Oyster House has a popular happy hour menu to go along with its tasty seafood. Also pop your head in McGillin’s Olde Ale House, where “olde” is an understatement – it’s been open since 1860. If your night goes late, swing south to Pat’s King of Steaks, where the iconic Philly cheesesteak was born: handily, it’s open 24 hours.

Exterior of The Barnes Foundation at Philadelphia. There's a jagged statute in front and trees surrounding the buildings.
Enjoy the many museums Philadelphia has to offer © Gonzalo Azumendi/Getty Images

Day 2

Morning in museums

Fuel up for a day of sightseeing with stuffed French toast at Sabrina’s, then head back to the Philadelphia Museum of Art for a second pass. Or break new ground at the amazing Barnes Foundation, where the European and African artworks are arranged precisely according to the eccentric collector’s specifications – it’s a sort of game to discern the connections.

Market lunch

Work up an appetite for lunch at a free noontime concert of the Wanamaker Organ, a massive pipe organ installed in Macy’s. Then head for Reading Terminal Market, where stands sell all kinds of cuisine, from Thai to Pennsylvania Dutch; don’t miss the butter-dipped pretzels.

The market can get astonishingly crowded on weekends, though – if that’s the case, head for Sansom and S 17th Sts, a convenient nexus of good snack foods: Federal Donuts has delectably light donuts and Korean-style ultra-crispy fried chicken. Across the street is the antidote: super-fresh hummus at Dizengoff, which mimics shops in Tel Aviv. Around the corner are the wonderfully buttery lobster rolls at Luke’s Lobster.

The colorful entrance to the Mummers Museum in Philadelphia.
South Philly is a definite destination during 48-hours in Philadelphia © James Kirkikis / Shutterstock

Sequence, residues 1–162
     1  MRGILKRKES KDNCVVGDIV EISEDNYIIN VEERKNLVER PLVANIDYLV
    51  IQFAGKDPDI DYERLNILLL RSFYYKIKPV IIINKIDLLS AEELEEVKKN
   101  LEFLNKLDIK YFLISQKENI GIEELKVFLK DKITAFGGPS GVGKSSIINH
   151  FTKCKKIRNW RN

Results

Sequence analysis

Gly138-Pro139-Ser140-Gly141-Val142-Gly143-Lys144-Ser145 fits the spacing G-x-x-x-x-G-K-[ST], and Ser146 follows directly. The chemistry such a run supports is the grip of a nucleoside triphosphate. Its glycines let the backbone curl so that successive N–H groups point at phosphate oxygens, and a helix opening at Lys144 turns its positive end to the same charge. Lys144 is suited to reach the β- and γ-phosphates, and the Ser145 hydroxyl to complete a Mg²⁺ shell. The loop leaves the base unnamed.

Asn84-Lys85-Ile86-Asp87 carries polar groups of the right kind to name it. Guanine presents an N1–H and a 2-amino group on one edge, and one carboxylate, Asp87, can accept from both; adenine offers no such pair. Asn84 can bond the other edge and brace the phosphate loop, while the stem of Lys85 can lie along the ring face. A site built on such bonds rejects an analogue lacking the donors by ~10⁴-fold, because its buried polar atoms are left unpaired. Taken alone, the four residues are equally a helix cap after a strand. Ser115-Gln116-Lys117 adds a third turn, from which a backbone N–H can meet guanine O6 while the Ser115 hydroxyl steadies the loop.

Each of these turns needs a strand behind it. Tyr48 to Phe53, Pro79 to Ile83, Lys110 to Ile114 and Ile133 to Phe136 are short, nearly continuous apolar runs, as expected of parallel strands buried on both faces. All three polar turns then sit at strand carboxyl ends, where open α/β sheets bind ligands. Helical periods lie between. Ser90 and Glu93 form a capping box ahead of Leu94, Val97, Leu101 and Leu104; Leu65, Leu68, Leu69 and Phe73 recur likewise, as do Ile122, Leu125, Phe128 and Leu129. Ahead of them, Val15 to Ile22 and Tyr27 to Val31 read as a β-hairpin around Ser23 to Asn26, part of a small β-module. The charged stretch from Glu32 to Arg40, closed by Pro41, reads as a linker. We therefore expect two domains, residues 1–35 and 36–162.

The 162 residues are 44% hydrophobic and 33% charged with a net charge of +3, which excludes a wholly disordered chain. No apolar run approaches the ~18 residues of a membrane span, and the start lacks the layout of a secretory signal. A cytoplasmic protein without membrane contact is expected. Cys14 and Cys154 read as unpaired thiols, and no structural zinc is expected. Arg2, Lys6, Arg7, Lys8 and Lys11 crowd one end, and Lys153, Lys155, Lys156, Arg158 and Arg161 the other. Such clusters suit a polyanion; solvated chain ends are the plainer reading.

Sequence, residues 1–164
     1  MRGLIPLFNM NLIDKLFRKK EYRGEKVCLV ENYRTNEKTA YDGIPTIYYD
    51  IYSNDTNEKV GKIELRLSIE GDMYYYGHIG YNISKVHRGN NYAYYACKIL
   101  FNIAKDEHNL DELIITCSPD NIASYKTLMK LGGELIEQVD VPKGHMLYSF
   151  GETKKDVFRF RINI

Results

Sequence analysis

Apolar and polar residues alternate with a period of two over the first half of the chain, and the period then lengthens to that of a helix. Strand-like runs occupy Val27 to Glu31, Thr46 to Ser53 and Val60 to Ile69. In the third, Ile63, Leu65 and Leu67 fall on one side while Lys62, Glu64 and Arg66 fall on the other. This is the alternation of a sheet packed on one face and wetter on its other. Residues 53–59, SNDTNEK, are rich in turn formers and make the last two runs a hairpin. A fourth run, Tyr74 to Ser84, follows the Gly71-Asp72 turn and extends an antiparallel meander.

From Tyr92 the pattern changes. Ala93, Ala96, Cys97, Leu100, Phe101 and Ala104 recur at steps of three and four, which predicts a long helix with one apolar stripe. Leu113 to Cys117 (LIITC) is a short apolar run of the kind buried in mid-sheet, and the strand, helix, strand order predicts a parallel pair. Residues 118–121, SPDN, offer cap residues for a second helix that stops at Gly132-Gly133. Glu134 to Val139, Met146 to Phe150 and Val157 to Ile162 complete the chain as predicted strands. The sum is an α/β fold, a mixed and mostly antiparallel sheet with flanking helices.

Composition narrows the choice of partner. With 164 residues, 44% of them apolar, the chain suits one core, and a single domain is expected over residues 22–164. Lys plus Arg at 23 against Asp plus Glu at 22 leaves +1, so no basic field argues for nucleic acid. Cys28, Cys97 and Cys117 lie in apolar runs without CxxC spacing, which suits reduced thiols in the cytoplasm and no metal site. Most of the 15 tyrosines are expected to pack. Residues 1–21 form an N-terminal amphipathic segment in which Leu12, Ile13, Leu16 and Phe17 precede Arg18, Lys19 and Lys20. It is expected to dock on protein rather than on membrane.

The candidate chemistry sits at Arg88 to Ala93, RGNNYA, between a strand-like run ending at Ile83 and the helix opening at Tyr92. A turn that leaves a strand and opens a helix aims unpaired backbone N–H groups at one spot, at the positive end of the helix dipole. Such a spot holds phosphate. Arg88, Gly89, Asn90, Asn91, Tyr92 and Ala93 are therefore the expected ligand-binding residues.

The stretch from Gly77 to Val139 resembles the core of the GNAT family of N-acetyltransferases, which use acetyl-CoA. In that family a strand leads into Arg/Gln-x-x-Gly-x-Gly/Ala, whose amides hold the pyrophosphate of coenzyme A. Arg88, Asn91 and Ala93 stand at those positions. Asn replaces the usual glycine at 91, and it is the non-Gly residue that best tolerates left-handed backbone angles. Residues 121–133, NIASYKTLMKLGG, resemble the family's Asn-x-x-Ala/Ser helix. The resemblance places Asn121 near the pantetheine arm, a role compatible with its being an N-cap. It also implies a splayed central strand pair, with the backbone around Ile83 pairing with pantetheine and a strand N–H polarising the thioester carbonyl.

Afternoon in the South

Tour South Philly, starting at the beautiful ongoing art project that is Philadelphia’s Magic Gardens, on South St. Then head for the bounty of the Italian Market, stopping for cappuccino as you browse the food stores and stalls. From here, pick your favorite Philly oddity: visit the Mummers Museum to learn about the proud working-class culture behind the colorful New Year’s Day parade, or opt for the Mütter Museum if you’re a fan of morbid anatomy.

Dinner Italian-style

East Passyunk Avenue, which cuts diagonally through South Philly, is a booming restaurant row. Book ahead for a table at Le Virtu, renowned for its meticulous recreation of the cuisine of central Italy.

Edgy arts at night

Head back north to what locals have dubbed the “Eraserhood,” a gritty area that inspired onetime resident David Lynch’s filmmaking. The excellent Trestle Inn* is here, serving up cocktails and go-go dancers straight from the 1960s.

Also in the area is PhilaMOCA – that stands for Mausoleum of Contemporary Art – for eclectic arts programming. Farther north, check the schedules at Union Transfer and Johnny Brenda’s, two great venues for live shows; Johnny Brenda’s also has a good bar for hanging out.

* Editor's note: The Trestle Inn temporarily closed.  

Getting around

Central Philadelphia is small enough that you can walk most places. But the SEPTA transit system (buses, a metro, even an underground trolley) is fast and effective.

You might also like: 

The best free things to do in Philadelphia
How to live like a Local in Philadelphia
Murals and masterpieces: the artistic treasures of Philadelphia

This article was originally published in 2016 and updated in November 2020.

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This article was first published Mar 29, 2018 and updated Nov 9, 2020.